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Directed by Bill Gunn

United States 1980 165 mins.

Bill Gunn (Ganja & Hess) directed this “experimental soap opera” from a script he co-wrote with his friend and collaborator Ishmael Reed, looking to upend the simplistic television narrative style of the late ’70s and early 80s. Personal Problems follows Johnnie Mae Brown (Vertamae Grosvenor), a New York City nurse whose husband (Reed) is cheating on her and whose extended family takes her domestic and emotional labor for granted. Johnnie Mae’s personal dramas play out through Gunn’s raw video aesthetics—which often take on a beautiful life of their own—in addition to his and Reed’s thrilling, unpredictable narrative digressions and loops. “Nothing less than an explosion of the television form…Gunn cannily manipulates video’s potential for inherent impressionism. Most modern TV looks hopelessly prim and ritualistic when compared with Personal Problems, which bears a greater resemblance to novels such as The Sound and the Fury and Finnegans Wake, and to the modern, woefully underseen independent cinema of filmmakers such as Joe Swanberg, Robert Greene, Nathan Silver, and Josephine Decker. Gunn and Reed used video experimentally, laying a foundation for expressionism that awaits rediscovery for the sake of aesthetic reeducation.”—Chuck Bowen, Slant Magazine.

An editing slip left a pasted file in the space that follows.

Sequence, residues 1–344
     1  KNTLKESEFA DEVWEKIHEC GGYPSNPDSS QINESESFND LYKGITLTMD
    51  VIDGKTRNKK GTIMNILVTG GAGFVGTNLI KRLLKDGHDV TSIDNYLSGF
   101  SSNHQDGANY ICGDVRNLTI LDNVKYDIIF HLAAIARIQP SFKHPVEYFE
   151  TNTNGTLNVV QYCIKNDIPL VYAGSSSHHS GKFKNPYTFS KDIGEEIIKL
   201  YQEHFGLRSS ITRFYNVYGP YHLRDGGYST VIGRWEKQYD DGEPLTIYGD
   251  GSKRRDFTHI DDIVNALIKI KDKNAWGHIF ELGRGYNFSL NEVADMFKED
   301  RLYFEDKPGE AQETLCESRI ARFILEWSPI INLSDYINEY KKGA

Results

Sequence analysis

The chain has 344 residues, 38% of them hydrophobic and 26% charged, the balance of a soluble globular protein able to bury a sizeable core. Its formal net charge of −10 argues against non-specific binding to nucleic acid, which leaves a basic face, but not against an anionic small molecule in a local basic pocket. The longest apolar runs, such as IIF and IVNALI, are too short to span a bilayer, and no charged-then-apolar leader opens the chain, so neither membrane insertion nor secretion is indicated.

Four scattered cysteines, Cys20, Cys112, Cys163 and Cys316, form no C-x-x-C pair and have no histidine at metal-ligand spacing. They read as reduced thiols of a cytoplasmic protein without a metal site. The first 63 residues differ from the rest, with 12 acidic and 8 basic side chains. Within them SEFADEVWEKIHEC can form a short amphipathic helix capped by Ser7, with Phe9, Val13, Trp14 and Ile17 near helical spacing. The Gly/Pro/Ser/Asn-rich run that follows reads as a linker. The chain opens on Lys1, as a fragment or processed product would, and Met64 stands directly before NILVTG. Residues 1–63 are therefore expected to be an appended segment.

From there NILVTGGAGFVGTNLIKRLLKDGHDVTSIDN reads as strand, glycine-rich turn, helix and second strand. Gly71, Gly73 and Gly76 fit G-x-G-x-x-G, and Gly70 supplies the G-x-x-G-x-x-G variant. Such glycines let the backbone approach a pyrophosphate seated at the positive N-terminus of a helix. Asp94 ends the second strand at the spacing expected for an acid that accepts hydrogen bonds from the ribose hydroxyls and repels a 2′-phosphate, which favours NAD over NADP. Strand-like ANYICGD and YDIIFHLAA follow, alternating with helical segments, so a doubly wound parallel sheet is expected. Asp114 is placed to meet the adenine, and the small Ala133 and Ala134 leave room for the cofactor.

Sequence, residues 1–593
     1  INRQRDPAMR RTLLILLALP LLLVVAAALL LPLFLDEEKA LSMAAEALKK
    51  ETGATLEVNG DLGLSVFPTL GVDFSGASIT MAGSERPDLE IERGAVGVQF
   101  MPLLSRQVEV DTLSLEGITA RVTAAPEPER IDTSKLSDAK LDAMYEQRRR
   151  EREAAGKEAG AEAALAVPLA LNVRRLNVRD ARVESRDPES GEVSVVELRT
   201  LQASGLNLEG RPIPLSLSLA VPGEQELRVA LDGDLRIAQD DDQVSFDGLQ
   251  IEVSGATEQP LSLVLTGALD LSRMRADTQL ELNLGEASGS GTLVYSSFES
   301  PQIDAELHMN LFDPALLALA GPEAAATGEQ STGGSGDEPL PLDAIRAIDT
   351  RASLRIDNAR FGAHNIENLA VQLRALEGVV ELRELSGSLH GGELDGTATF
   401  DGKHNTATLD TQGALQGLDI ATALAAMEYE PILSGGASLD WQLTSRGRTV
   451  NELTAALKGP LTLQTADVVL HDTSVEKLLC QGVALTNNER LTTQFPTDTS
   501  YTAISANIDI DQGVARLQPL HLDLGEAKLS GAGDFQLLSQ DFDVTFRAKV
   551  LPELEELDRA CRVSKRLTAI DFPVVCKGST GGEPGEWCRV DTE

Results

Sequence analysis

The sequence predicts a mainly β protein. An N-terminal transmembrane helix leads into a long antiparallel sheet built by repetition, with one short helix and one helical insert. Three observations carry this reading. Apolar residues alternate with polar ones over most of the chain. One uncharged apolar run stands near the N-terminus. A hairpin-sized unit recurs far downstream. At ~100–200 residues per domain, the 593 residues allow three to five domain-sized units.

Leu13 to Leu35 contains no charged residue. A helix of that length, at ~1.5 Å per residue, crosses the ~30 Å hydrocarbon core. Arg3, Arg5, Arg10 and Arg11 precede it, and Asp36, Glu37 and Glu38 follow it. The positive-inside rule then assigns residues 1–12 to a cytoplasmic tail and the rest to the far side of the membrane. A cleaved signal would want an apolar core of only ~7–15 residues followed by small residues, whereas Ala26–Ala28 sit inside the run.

“Personal Problems” by Ishmael Reed, courtesy of The Metrograph, New York City.

‘Improvisational Jamming’: The Process and Production of Personal Problems by Nicholas Forster, courtesy of The Metrograph, New York City.

The Northwest Film Center recognizes and honors the Indigenous peoples of this region on whose ancestral lands the museum now stands. These include the Willamette Tumwater, Clackamas, Kathlemet, Molalla, Multnomah and Watlala Chinook Peoples and the Tualatin Kalapuya who today are part of the Confederated Tribes of Grand Ronde, and many other Native communities who made their homes along the Columbia River. We also want to recognize that Portland today is a community of many diverse Native peoples who continue to live and work here. We respectfully acknowledge and honor all Indigenous communities—past, present, future—and are grateful for their ongoing and vibrant presence.